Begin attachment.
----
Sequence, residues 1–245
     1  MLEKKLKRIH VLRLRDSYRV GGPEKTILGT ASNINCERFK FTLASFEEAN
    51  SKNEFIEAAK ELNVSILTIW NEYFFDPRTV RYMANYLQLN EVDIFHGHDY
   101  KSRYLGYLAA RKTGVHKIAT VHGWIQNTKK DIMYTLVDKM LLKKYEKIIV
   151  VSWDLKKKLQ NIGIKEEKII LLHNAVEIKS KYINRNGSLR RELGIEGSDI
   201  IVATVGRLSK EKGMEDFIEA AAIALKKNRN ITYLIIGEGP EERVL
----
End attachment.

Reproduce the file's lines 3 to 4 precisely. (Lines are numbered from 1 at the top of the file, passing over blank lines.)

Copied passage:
    51  SKNEFIEAAK ELNVSILTIW NEYFFDPRTV RYMANYLQLN EVDIFHGHDY
   101  KSRYLGYLAA RKTGVHKIAT VHGWIQNTKK DIMYTLVDKM LLKKYEKIIV